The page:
But, for the sake of argument, let’s suppose that the province’s highway building is a good thing. So, if the plan is to have a four-lane divided highway running all the way from the New Brunswick–Nova Scotia border all the way to St. Stephen and the US border, where is all that traffic going to end up? Well, once in the States, the traffic will end up back on the dangerous little Route 9 “Airline” heading 2 hours through the backwoods to Bangor, where it can finally hook up to the I-95 headed south.

The only decent proposal that we’ve heard over the past couple of years was the plan to build a toll highway east–west across Maine to shortcut traffic from St. Stephen to Montreal, cutting a couple of hours off the northern route up through Edmundston.

Empires like the US run on the quality of their roads. The Roman Empire was successful, in no small part, due to the engineering and build-quality of its roads—linking the empire east to west and north to south. But empires can overextend themselves, too.

Spain, the longest running empire of the last millennium, had more wealth from its gold and silver mines than any other country in the world. According to Ronald Wright in “What is America”, Spain’s American mines produced nearly three-quarters of the world’s gold and even more of its silver. Its wealth came so easily that it was just as easily squandered on mindless religious wars against not one—but almost all of its neighbours. By the end of its three-hundred-year reign as world superpower it was one of the poorest countries in Christendom. Meanwhile, Britain, with less access to material wealth, had become the workshop of the world.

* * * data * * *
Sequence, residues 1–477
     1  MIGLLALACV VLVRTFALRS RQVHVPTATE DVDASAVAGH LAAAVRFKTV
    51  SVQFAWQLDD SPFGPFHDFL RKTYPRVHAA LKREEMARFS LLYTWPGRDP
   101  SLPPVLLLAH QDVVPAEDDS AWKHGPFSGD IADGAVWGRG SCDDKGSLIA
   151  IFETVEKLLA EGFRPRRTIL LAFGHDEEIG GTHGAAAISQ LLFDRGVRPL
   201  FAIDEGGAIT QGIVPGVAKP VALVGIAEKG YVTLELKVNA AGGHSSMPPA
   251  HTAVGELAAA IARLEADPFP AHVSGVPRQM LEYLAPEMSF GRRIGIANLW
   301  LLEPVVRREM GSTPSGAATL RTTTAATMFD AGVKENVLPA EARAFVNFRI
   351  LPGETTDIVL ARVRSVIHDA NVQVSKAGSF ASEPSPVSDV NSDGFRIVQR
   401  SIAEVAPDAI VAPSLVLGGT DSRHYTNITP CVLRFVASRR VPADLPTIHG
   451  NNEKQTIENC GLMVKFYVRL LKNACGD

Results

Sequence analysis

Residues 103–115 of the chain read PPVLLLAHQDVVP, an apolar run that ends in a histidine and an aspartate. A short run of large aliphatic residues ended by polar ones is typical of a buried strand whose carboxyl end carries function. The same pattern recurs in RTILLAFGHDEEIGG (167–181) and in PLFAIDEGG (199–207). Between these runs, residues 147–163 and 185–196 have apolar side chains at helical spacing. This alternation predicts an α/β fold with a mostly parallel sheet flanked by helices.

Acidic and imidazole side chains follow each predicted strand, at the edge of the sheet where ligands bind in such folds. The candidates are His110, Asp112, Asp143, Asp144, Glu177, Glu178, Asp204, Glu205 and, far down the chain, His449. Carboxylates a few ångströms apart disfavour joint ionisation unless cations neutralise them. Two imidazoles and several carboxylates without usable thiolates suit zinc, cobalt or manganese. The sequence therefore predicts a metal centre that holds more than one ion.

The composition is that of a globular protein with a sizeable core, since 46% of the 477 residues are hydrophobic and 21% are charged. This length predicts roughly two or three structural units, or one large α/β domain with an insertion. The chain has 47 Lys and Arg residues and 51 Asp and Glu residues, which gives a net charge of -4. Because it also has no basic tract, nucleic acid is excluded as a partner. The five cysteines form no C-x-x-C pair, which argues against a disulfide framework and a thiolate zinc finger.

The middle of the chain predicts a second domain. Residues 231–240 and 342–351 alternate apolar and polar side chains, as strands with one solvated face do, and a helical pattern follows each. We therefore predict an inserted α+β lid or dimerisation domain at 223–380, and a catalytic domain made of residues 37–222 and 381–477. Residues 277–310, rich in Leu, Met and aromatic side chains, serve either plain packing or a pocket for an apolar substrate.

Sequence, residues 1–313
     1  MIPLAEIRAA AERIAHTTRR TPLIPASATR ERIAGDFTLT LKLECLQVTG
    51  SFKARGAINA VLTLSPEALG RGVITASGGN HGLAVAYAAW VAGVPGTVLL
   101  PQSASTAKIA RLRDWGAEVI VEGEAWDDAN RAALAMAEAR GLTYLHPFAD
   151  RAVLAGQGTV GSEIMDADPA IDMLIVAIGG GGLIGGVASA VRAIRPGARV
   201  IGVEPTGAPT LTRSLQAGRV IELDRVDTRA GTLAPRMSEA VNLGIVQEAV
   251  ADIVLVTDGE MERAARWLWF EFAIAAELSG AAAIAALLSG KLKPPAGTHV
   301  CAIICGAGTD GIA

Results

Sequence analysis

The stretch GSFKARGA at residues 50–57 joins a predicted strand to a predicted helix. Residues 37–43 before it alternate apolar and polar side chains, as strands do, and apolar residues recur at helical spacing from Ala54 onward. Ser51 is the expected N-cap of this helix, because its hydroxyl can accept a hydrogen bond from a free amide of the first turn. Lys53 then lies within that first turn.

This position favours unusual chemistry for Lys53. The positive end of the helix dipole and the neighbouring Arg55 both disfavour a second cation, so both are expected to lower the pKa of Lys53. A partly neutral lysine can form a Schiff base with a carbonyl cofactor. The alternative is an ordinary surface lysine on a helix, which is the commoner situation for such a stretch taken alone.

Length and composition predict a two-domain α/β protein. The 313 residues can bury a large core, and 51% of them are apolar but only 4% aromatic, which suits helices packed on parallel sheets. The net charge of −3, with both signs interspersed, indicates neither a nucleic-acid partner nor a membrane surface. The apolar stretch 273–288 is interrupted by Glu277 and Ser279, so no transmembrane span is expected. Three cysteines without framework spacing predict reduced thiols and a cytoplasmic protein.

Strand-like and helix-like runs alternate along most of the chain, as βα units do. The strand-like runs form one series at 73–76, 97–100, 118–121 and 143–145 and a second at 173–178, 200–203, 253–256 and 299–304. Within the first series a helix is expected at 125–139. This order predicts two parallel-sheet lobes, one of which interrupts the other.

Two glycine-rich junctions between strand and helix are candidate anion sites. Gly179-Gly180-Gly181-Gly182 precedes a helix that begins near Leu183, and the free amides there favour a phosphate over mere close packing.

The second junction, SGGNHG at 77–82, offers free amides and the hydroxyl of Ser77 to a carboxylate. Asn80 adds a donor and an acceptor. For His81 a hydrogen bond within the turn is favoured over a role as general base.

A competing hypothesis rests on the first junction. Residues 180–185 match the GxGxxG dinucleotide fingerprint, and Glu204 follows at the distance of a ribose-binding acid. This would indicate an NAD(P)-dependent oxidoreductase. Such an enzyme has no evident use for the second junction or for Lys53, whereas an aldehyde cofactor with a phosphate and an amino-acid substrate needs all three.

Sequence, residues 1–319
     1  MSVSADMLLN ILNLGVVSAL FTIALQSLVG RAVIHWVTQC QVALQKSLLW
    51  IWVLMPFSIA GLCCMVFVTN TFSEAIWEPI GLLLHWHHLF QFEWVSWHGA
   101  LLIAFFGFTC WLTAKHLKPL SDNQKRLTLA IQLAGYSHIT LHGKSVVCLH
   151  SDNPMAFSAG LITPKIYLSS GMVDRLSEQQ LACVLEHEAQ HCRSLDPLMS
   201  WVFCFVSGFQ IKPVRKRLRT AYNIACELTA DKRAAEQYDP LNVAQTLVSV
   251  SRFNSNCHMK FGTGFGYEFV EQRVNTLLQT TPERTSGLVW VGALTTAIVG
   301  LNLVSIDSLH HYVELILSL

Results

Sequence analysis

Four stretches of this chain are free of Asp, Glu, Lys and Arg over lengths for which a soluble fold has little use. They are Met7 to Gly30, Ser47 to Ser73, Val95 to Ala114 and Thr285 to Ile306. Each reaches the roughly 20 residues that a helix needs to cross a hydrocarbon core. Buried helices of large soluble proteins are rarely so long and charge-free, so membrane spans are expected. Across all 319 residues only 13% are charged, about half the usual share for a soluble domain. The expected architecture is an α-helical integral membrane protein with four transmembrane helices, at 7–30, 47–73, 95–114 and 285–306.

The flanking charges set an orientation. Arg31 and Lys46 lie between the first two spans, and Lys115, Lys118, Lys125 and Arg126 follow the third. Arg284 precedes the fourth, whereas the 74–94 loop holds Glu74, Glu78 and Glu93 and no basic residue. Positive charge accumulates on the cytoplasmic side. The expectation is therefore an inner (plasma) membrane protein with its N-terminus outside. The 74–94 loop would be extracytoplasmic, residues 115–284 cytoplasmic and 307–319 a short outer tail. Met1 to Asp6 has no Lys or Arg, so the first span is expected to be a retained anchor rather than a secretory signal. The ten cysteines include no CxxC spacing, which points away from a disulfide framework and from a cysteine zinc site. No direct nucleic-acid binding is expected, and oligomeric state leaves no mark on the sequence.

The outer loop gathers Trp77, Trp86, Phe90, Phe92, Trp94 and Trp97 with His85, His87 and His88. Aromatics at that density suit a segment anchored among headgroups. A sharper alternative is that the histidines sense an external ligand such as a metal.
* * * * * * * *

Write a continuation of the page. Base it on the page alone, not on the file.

If this sounds vaguely familiar, it should. Today China is the world’s workshop, while the US has exhausted most of its domestic oil, is fighting on two fronts, and seems to be angling to fight on two more in Iran and Pakistan. The recent financial crisis should be a dire warning about America’s future, should it continue its breakneck spending. And it’s to that future we’re building our new four-lane roads.

So what of the future of St. Stephen—and the other nearby towns—after the new border crossing opens, and especially after the four-lane links the border to Saint John? Well, the smart money in St. Stephen will cluster around the first on ramp near the high school. It wouldn’t be hard to picture a Super 8 motel or Best Western out there, along with a Burger King and McDonald’s, and a big Irving Blue Canoe. That kind of shift of commercial energy will definitely pull the town’s focus permanently away from the downtown. That’s just the way it is with freeways, cars and parking lots. Downtowns need people, not cars.

As for St. Andrews, St. George and the other off-highway towns, life will go on much as always. Curious visitors will stop in; most will drive by. Saint John will kick up its highway marketing a notch, to encourage traffic to pull in there, first.

So it’ll be more of same—for the short term. But longer term, the US is going to hit the end-of-oil wall, not to mention the ultimate end-of-empire economic wall. When that happens, our highway could just be a final escape route for a lot of US refugees. Though by that time most of us won’t be around to see it.